An assault is the act of physically attacking or threatening to attack another human being. Assaults can be carried out with or without a weapon – any attack meant to hurt, main or potentially kill another person is an assault in the state of New Jersey. If the offender attacks his or her victim with the intention of causing lasting, serious damage, the crime may be considered an aggravated assault. If this is not the case and the bodily harm rendered is not serious, the attack is labeled a simple assault.
In New Jersey, a simple assault is a disorderly persons offense. This charge is punishable by up to six months in jail and a fine of up to $1,000. N.J.S.A. 2C:12-1 states that a simple assault is considered as such if it meets one of the following characteristics:
- The attackerattempts or succeeds in, whether purposely or due to recklessness,bodily harm to another person.
- The victim suffersinjury from a weapon due to the defendant’s negligence.
- The offender triesto threaten or intimidate the victim with serious bodily harm.
Often, small-scale fights are categorized as simple assault. Unless the it involves a weapon or serious injury, the average street fight or bar scuffle is considered a simple assault.
Aggravated assault is a much more serious charge. An assault is considered “aggravated” if it causes more permanent physical damage or is directed at victims who are part of a few specific categories. N.J.S.A. 2C:12-1(b) outlines the acts that constitute aggravated assault in New Jersey.
If a potentially deadly weapon is used recklessly and causes physical harm to a victim, or if the offender points a firearm, whether its loaded or not, at another person, the offense is classified as a fourth degree aggravated assault. This crime is punishable by up to eighteen months in jail and a fine of up to $10,000.
If the offender tries to cause physical harm to another person with or without a weapon, causes significant harm with a weapon due to carelessness or negligence, intentionally displays a firearm to a police officer or otherwise shows no regard for the safety and well being of others, he or she is charged with a third degree aggravated assault. This and other third degree crimes are punishable by a jail sentence of three to five years and fines of up to $15,000.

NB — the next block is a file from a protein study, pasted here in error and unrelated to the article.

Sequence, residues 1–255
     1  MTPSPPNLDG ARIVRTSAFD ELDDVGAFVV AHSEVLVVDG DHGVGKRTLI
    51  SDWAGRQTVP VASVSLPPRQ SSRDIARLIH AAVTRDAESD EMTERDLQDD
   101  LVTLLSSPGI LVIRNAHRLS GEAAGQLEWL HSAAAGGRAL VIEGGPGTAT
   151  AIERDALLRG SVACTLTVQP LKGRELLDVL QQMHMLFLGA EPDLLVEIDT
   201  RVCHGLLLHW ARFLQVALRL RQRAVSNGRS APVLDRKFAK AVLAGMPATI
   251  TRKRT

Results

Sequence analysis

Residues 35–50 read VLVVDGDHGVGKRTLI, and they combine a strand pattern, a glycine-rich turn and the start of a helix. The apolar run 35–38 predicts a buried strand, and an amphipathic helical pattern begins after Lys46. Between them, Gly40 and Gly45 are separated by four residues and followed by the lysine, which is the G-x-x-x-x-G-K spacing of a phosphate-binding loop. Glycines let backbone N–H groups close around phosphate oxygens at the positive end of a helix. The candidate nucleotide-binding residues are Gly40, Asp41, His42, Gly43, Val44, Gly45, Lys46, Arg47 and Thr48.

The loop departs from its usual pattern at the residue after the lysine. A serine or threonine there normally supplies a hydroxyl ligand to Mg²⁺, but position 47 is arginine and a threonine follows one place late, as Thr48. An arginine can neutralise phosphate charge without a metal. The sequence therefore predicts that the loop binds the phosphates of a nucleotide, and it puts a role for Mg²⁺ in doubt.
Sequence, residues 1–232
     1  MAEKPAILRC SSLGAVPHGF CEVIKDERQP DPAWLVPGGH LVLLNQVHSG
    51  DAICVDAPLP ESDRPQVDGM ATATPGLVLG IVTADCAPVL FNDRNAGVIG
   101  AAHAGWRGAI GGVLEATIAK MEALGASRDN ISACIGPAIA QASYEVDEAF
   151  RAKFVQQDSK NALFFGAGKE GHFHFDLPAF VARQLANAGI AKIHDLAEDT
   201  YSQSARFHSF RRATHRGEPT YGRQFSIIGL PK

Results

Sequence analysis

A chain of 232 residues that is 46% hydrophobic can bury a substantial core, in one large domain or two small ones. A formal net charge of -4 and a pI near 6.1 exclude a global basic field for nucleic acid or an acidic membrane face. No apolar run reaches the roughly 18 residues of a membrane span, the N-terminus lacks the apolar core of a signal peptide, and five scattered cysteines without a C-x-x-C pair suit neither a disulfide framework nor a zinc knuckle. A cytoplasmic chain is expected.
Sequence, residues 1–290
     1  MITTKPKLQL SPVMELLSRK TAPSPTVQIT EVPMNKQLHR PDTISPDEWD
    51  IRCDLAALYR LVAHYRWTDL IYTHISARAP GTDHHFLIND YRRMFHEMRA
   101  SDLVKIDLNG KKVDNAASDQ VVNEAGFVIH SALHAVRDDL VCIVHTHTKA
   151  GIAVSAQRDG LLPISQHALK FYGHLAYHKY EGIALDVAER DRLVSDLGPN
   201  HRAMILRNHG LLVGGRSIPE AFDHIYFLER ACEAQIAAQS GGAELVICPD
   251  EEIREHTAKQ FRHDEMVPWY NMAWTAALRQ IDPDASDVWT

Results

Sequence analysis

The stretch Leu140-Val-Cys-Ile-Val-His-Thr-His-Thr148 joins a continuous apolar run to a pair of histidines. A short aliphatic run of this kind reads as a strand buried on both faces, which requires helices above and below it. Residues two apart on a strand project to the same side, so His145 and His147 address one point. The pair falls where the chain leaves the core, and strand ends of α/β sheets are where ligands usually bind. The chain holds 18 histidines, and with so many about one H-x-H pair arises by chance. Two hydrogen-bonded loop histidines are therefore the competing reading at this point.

The most serious aggravated assault charge, a second degree aggravated assault, must meet the following criteria:
- Any assault whereserious injury is intentionally caused to the victim
- Any attempt tocause serious injury to another person
- Any assault thatcauses injury and is committed while eluding police
- Any fire orexplosion that is caused with the intention of physically harminganother human being.
Second degree crimes come with the penalty of five to ten years in jail with the presumption of incarceration. The presumption of incarceration means that a jail sentence is mandatory if the defendant is found guilty. Second degree crimes also require that the defendant pay a fine of up to $150,000.
The final category of aggravated assault is victim-specific aggravated assault. If a simple assault is committed against a police officer, judge, emergency medical employee, firefighter or school official, it is automatically elevated to the level of fourth degree aggravated assault. If a simple assault against one of the previously mentioned categories results in bodily harm, it is considered a third degree aggravated assault.
If you have been charged with assault or aggravated assault, make sure you have a knowledgeable, experienced lawyer to represent your case. Ron Bar-Nadav has an extensive knowledge of New Jersey criminal law and a successful history of cases won. If you want the best in criminal representation in Bergen County, call 201-525-1555 to speak with Ron Bar-Nadav and find out about your options. Your choice of lawyer is the most important decision you’ll make during the lawsuit process.